The black rhinoceros (Diceros bicornis) is one of five species of rhinoceros that compose family Rhinocerotidae, order Perissodactyla (horses, zebras, asses, tapirs, and rhinoceros). They are an important component of the unparalleled diversity of large mammalian herbivores inhabiting African savannas. This once abundant species is seriously endangered and at risk of extinction in the wild. Ancestral Rhinocerotidae are first recorded from Late Eocene sediments in the New and Old World; the family reached its greatest species-diversity during the Oligocene and Miocene.
Black rhinoceros (like all perissodactyls) are adapted for running (cursorial). Body weight is supported by the central digits, with the primary axis of the foot passing through the third digit (mesaxonic). The body is massive (weighing up to 1,400 kilograms) with short, stumpy limbs. Head and body length can reach up to 375 cm, and shoulder height up to 180 cm. Males are larger than females.
Despite its common name, the thick, scantily haired skin of black rhinoceros is not black but dark brown or dark gray with yellowish highlights (usually obscured by mud or dust). The two conical horns (a stubby third horn is sometimes present) are composed of com pressed keratin, not bone, with the longer anterior horn averaging 50 cm (the record is 135.9 cm). Females usually have longer horns than males. The upper lip has a central, prehensile protrusion. This hooked lip and the smaller size of the black rhinoceros distinguish it from the square-lipped, larger white rhinoceros. The short tail is tipped with stiff bristles.
Black rhinoceros occur in forest, savanna woodland, and scrub, and they are not usually associated with open plains. They are browsers, gathering thin, regenerating twigs of woody plants, particularly acacias. Rhinoceros feed most intensively during early morning and evening, drink daily, frequently utilize mineral licks, and sleep at midday, often in mud or water wallows. They are not found farther than about 25 km from permanent water.
Adult males are usually solitary but sometimes feed together. A temporary group (clan) forms between an adult female and her calf; this clan persists until the next calf is born. The ranges of clans often overlap, but in dense populations, breeding males occupy mutually exclusive home ranges. Alarm, threat, and contact are communicated by snorts and olfactory cues; males mark their territories by spraying urine. Breeding occurs throughout the year. A single calf is born after a gestation of up to 478 days and weaned after two years. Captive animals have lived up to forty-five years.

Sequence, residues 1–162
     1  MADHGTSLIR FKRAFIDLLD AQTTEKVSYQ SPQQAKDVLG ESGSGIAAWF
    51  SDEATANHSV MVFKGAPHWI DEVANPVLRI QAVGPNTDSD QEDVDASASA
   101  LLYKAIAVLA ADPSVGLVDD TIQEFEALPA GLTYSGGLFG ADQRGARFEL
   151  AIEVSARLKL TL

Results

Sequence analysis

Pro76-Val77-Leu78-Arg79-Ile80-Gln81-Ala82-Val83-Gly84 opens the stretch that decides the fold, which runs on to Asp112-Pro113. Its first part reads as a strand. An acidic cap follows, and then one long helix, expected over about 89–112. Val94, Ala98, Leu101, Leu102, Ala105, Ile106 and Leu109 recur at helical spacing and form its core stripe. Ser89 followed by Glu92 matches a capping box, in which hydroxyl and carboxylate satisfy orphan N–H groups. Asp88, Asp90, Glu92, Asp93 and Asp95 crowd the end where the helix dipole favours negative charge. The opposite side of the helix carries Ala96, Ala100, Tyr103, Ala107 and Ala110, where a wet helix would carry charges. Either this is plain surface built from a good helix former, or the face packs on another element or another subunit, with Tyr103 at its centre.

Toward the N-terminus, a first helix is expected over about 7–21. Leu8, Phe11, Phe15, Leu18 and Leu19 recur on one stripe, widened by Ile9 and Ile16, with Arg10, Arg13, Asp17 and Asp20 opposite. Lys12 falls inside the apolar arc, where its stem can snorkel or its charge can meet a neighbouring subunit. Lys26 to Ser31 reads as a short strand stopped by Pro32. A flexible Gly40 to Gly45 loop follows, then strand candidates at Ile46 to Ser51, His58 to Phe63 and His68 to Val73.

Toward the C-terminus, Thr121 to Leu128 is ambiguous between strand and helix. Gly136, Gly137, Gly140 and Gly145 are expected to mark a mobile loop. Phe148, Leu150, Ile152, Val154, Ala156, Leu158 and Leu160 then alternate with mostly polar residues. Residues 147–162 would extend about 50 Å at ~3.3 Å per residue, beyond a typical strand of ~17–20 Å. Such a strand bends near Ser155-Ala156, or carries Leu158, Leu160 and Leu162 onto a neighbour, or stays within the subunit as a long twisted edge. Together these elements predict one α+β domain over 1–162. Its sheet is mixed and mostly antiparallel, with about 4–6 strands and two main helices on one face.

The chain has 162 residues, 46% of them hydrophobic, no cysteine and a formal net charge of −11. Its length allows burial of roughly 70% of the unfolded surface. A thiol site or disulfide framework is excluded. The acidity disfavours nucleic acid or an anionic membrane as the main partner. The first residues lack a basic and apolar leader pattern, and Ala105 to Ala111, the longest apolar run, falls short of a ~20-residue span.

The natural range of D. bicornis once encompassed the savannas of northern, eastern, and southern Africa. Populations have declined from hundreds of thousands to about 3,000 individuals during the last three centuries because of predation by humans, who hunted them for their hides and horns, and converted their habitats into farmland and settlements. Most populations are critically endangered, despite intensive conservation efforts that include protection of wild populations, rein-
troduction of animals into areas where the species once occurred, and captive breeding programs throughout the world.
—Mary Ellen Holden
See also: Endangered Species; Mammalia; Perisso-dactyls; Preservation of Species
Carroll, Robert. 1988. Vertebrate Paleontology and Evolution. New York: W. H. Freeman; Hillman Smith, A. Kes, and Colin P. Groves. 1994. "Diceros bicornis." Mammalian Species 455: 1-8; Kingdon, Jonathan. 1979. East African Mammals: An Atlas of Evolution in Africa. Vol. 3B: Large Mammals. London: Academic; Kingdon, Jonathan. 1997. The Kingdon Field Guide to African Mammals. New York: Academic; Nowak, Ronald M. 1999. Walker's Mammals of the World, 6th ed. Vol. 2. Baltimore: Johns Hopkins University Press; Smithers, Reay H. N. 1983. The Mammals of the Southern African Subregion. Pretoria, Republic of South Africa: University of Pretoria Press.
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